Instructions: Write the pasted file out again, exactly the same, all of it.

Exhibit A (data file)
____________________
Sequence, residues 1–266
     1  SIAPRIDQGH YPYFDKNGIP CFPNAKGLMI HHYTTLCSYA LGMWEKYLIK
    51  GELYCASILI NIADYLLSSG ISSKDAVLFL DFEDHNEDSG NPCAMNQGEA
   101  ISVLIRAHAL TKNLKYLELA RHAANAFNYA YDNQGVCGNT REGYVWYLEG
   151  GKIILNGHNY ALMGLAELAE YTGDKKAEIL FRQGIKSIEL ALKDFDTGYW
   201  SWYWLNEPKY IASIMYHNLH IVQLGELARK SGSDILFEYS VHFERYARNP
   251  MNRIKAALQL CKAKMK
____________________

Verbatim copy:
Sequence, residues 1–266
     1  SIAPRIDQGH YPYFDKNGIP CFPNAKGLMI HHYTTLCSYA LGMWEKYLIK
    51  GELYCASILI NIADYLLSSG ISSKDAVLFL DFEDHNEDSG NPCAMNQGEA
   101  ISVLIRAHAL TKNLKYLELA RHAANAFNYA YDNQGVCGNT REGYVWYLEG
   151  GKIILNGHNY ALMGLAELAE YTGDKKAEIL FRQGIKSIEL ALKDFDTGYW
   201  SWYWLNEPKY IASIMYHNLH IVQLGELARK SGSDILFEYS VHFERYARNP
   251  MNRIKAALQL CKAKMK